Next week I will deliver a presentation outlining Treework Environmental Practice’s extensive collective experience of managing veteran and ancient trees at the Deutsch Baumpflegetage (German Tree Care Conference) 2018, https://www.deutsche-baumpflegetage.de/en/timetable. I was invited to present at the conference through my close links with colleagues at the Sachverständigen-Arbeitsgemeinschaft (SAG) Baumstatik group, a European working community of arboricultural experts focused on sharing knowledge related to tree statics, and the application of the static load test (often referred to as the pulling test). This is a great opportunity to expand on Neville Fay’s presentations on conservation arboriculture at earlier Augsberg conferences for the same organisation in 2015 and 2017.
Treework Environmental Practice have been at the forefront of developing enlightened management approaches for ancient and veteran trees for several decades. This has been driven by Neville Fay’s long tenure as chair of the Ancient Tree Forum, through our collaboration with the deeply committed and inspiring members of the Ancient Tree Forum and through Neville’s involvement with developing the Specialist Survey Method on behalf of English Nature (now Natural England). As a result we have a close and long-standing association with a number of important custodians of the UK’s historic landscapes with veteran tree populations such as The Royal Parks, The City of London Corporation, The National Trust and large country estates such as Burghley House. These relationships have enabled us to advise on the management of populations of old trees with a degree of continuity and to observe tree responses and long-term outcomes.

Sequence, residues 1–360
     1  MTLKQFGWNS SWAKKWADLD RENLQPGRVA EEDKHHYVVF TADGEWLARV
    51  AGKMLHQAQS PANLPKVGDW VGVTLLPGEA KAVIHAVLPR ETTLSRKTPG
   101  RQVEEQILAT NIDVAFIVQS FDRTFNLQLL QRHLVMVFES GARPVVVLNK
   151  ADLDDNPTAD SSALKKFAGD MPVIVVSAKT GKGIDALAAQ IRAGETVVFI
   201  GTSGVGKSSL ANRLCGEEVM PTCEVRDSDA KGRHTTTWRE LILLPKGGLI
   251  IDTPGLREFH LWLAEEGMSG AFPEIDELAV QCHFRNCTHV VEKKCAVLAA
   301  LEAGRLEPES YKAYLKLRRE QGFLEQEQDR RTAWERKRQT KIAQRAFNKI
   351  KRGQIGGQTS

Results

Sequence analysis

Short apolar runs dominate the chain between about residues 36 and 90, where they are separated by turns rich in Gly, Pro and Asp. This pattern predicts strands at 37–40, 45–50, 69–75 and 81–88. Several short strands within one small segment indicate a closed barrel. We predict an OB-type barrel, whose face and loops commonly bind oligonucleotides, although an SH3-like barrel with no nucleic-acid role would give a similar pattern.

In addition to outlining the importance of an understanding of the ageing processes in trees as a foundation upon which to base veteran tree management approaches, my presentation will aim to redefine (reclaim) the term retrenchment pruning. The original concept proposed by Neville Fay that every ancient tree should have an individual tree management plan (ITMP) was intended to ensure that management involved working towards a long-term goal over a number of decades. It seems to me that the importance of this message has occasionally been lost, with retrenchment pruning sometimes misinterpreted as a one-off risk management operation, justified by the use of natural fracture pruning and coronet cuts. The intention is that the Deutsch Baumpflegetage conference will initiate the production of new material clarifying and repositioning the role of retrenchment pruning, and the concept of staged crown reductions, in the light of the experience gained by Treework Environmental Practice from managing veteran and ancient trees over the long-term.
As with SAG Baumstatik membership I expect my attendance at the Deutsch Baumpflegetage conference to be a hugely rewarding; an opportunity to exchange knowledge and experiences with our European colleagues. Treework Environmental Practice thrives on extending the horizons of the team beyond the UK. Exposure to the international scene has been fundamental to the evolution of the company, to the development of the Treework Environmental Practice’s Innovations in Arboriculture seminar series and to the recent creation of the Sustainable Soils Alliance. It is why my job is as fulfilling and inspiring as it was when I joined the company in 2000.